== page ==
Artist rendering of the proposed 26-storey tower Hudson Place 1 at the corner of Blanshard Street and Herald Street. Council has approved a development permit for the revised project, subject to public input from immediate neighbours. (Courtesy of Townline)

26-storey Hudson Place tower moves closer to fruition

Council votes 6-2 to approved development permit; immediate neighbours can still weigh in

If the Hudson Place 1 tower gets built at 26 storeys, it’ll be downtown Victoria’s tallest building.

In a 6-2 vote, city council approved the development permit with variances for the project at 777 Herald St. – the most contentious of which was to add three more metres to the structure’s height than called for under the previous application.

The building is the third of four phases of the Hudson District on the former Hudson’s Bay Company retail site. The City of Victoria will be looking for a final injection of public input from adjacent property owners before council considers giving the final stamp of approval.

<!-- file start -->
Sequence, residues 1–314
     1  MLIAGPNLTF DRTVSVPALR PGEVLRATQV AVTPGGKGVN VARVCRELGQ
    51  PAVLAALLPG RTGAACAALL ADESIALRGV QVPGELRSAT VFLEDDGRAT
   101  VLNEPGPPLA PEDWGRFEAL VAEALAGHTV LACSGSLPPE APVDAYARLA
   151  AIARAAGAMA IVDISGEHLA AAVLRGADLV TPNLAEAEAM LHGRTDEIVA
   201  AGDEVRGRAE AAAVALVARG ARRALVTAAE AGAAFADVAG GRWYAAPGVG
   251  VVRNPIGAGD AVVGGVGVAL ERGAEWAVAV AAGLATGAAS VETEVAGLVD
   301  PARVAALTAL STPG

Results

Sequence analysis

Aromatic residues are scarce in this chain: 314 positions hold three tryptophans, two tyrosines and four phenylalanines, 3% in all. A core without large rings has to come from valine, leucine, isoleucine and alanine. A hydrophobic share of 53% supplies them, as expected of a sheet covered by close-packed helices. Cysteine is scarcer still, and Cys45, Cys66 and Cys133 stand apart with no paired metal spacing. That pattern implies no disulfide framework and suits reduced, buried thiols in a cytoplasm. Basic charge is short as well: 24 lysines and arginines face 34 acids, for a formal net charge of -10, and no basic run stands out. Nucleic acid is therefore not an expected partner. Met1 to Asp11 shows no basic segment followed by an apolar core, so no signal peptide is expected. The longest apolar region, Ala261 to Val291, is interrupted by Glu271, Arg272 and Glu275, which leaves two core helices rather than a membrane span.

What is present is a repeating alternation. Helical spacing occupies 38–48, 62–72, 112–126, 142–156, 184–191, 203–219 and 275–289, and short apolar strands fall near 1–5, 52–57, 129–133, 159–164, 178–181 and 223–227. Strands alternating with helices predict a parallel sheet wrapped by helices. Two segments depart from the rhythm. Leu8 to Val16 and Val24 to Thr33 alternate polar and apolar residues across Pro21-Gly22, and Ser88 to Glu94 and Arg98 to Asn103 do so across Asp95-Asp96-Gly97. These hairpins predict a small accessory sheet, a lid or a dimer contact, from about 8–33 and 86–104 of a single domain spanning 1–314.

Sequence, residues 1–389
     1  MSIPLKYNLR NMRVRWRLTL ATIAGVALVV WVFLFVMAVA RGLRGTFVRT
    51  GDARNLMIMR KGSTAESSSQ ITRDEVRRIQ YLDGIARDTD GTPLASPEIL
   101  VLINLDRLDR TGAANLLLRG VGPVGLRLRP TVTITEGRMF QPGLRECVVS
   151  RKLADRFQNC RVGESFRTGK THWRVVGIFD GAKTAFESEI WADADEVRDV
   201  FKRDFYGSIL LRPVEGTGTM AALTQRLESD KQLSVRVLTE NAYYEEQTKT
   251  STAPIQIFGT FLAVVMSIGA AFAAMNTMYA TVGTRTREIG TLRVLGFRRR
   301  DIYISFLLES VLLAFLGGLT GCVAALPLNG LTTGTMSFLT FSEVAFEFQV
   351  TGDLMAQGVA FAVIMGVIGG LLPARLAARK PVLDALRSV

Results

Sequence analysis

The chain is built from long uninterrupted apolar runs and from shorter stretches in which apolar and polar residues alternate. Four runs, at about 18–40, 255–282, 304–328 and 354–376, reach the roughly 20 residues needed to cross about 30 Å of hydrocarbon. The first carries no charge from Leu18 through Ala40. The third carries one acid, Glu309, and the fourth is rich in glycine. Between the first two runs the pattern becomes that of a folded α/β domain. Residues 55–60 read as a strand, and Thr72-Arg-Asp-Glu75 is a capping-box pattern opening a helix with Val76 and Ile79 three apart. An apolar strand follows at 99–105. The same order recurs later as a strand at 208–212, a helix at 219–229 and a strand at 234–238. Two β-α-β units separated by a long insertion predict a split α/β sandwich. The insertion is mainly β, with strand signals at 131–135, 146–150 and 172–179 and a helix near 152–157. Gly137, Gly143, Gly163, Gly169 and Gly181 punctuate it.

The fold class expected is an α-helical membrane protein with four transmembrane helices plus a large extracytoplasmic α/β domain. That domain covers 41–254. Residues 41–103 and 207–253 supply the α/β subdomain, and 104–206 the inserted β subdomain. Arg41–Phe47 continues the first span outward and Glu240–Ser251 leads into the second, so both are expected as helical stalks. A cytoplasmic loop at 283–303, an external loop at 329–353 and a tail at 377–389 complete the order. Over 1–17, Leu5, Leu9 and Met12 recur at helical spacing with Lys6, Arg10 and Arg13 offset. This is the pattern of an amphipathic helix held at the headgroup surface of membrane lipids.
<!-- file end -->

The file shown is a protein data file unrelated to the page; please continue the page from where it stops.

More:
The initial application by Townline Properties was for 29 storeys, which raised many eyebrows, and prompted council to send the company back to the drawing board.

In discussions at committee of the whole last Thursday, Mayor Lisa Helps indicated the stepping up of building heights from the Inner Harbour to the area in question was appropriate, based on sketches provided of the skyline.

Coun. Margaret Lucas agreed.

“Looking at the sight lines, it doesn’t stick out as much as when people just hear the height,” she said, acknowledging emails the City has received opposing a 26-storey structure. “It is in a good place in the downtown and I think there’s enough here that makes it very supportable …”

While staff recommended approval of the new plan, noting that it helped create an “urban amphitheatre” feel for the Hudson District with between-building common spaces and public areas, Coun. Pam Madoff voiced concerns about the long-term impact of saying yes to going higher on Hudson Place One.

Not only did it feel like council was moving back to the one-off style of development planning for downtown, she said, future developers along the corridor would use the project as a benchmark to measure their projects.

editor@vicnews.com

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